The Plano Parks and Recreation Department recently began a program to help children with autism spectrum disorders. City pools are now offering Sensory Friendly Days that cater to their unique needs.
The idea was first suggested to Parks officials by parents of children on the autism spectrum. During informal discussions, they explained how normal pool conditions can cause sensory overload. Based on the parent feedback, Parks officials designed special swimming times with accommodations to better serve those kids.
During Sensory Friendly Days, kids with autism spectrum disorders can swim in the morning before pools are opened to the general public. Music that normally plays from ceiling speakers is turned off. Designated quiet areas are also set up to give kids a place to reset should they need a break.
“We try to eliminate the types of things that can cause some kind of audio or visual sensory overload,” Jack Carter Pool supervisor Chris Alban said.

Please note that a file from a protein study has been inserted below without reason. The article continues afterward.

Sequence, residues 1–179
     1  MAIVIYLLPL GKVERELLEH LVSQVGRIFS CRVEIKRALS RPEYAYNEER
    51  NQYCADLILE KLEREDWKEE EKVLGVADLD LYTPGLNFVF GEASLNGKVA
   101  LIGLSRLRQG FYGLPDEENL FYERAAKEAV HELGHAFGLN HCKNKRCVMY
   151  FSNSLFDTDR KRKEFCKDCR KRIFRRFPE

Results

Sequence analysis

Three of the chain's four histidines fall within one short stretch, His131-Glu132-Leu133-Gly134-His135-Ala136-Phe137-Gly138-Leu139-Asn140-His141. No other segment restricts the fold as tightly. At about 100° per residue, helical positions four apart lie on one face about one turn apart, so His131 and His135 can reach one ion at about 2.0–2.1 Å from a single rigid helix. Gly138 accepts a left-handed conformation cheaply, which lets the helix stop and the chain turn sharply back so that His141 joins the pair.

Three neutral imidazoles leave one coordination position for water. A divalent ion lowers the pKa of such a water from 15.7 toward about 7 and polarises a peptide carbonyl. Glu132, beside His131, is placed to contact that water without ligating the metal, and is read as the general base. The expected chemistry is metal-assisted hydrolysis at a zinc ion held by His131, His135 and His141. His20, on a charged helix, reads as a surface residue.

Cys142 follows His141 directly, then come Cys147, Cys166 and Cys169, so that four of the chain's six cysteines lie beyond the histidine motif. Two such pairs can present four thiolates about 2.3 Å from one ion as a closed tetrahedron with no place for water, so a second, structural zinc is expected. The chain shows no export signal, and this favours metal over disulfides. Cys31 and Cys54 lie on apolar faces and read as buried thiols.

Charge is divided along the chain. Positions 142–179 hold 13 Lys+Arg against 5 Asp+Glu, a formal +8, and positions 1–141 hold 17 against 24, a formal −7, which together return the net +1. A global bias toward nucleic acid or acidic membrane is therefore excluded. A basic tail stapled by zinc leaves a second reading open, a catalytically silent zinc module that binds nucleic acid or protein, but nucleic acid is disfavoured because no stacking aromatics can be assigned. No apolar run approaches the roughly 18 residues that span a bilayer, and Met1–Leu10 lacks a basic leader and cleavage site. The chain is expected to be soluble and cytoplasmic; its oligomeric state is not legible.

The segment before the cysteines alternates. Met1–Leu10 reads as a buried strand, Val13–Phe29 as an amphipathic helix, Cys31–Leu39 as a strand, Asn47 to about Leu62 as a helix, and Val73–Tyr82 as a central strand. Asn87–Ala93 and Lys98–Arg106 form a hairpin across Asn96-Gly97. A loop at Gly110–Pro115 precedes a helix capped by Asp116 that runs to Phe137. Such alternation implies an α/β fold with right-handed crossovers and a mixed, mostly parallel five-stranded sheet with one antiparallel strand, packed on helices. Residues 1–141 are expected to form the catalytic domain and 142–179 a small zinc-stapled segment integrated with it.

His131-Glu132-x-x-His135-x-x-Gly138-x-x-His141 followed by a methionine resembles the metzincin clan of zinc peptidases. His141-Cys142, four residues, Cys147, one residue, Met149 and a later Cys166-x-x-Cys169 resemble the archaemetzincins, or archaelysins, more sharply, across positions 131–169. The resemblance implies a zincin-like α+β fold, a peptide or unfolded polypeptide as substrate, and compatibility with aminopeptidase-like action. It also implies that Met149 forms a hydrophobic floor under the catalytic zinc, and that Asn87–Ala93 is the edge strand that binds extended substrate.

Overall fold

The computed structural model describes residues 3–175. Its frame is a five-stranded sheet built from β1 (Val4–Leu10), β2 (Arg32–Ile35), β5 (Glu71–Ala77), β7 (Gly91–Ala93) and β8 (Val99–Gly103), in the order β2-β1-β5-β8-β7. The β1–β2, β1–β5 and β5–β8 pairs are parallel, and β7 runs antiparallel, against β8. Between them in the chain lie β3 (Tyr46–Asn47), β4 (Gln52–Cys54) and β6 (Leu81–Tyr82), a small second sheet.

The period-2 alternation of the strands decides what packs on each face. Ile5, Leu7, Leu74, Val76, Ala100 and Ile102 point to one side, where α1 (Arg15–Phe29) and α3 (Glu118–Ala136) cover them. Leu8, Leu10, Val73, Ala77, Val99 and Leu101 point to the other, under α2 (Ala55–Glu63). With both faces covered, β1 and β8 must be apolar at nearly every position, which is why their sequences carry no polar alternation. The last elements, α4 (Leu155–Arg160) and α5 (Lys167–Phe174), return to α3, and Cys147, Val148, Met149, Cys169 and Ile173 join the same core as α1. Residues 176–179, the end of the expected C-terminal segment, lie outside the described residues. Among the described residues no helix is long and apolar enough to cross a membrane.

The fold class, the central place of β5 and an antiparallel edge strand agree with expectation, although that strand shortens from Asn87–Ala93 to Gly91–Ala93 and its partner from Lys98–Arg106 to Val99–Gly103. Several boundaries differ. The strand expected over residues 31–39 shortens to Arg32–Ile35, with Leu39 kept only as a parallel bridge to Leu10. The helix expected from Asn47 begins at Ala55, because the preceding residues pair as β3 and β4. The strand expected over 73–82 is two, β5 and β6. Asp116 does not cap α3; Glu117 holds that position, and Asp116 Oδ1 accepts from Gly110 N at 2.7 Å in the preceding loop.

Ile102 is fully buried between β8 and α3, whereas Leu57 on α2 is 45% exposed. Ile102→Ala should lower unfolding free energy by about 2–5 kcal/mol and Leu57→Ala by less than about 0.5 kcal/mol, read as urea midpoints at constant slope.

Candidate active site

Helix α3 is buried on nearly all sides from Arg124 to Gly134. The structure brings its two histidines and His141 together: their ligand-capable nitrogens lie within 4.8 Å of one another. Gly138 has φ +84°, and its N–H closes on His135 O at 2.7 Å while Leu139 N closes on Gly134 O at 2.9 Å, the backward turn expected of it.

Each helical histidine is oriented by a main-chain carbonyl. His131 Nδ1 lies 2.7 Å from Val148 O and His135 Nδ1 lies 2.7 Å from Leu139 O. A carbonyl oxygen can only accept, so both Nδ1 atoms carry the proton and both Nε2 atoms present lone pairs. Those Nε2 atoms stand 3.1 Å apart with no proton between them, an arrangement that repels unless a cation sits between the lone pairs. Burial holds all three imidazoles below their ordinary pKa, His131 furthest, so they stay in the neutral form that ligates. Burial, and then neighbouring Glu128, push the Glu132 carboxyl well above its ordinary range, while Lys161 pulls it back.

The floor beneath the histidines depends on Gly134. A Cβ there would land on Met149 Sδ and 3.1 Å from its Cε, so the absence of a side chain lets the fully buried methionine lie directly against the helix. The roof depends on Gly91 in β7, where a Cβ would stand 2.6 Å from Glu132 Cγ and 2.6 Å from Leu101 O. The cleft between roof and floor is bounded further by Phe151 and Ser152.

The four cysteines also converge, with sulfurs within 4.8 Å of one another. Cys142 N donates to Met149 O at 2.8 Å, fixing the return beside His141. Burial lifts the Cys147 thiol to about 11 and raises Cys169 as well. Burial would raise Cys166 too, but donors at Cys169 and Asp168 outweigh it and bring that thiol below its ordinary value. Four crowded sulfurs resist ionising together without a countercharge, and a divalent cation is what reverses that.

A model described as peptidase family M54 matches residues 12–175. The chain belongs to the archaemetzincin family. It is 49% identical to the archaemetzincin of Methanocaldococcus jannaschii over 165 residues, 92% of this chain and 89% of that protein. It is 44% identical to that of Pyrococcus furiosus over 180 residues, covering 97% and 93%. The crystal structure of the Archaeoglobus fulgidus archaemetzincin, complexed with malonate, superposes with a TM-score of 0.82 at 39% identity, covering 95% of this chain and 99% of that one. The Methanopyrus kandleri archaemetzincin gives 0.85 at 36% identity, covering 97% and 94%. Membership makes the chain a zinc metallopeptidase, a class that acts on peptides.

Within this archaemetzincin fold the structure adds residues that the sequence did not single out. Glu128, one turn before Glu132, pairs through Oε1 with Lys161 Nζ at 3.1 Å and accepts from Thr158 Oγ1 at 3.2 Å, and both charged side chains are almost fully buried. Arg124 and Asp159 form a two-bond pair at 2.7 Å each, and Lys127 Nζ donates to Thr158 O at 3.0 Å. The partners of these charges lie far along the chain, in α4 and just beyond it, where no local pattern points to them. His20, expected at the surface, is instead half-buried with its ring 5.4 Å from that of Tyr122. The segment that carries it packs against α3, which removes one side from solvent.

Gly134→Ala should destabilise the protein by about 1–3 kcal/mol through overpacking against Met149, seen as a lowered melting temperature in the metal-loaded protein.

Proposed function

The program was originally set to be unveiled last year before COVID-19 got in the way. Now Parks officials are excited to finally implement a small initiative that they hope will bring joy to more people.
“We want to provide for our community any way that we can help. It’s not always about the mass numbers,” Alban says. “If there’s a need and there’s something we can assist with that’s our goal, to help the community out.”
Sensory Friendly Days are scheduled on weekend mornings at various city pools throughout the summer. They are typically held two hours before open swim begins. The cost is the same as regular pool admission and reservations are not required. If kids are having a great time during Sensor Friendly swim time, they are also more than welcome to stay for the rest of the day.
More details can be found at planoparks.org.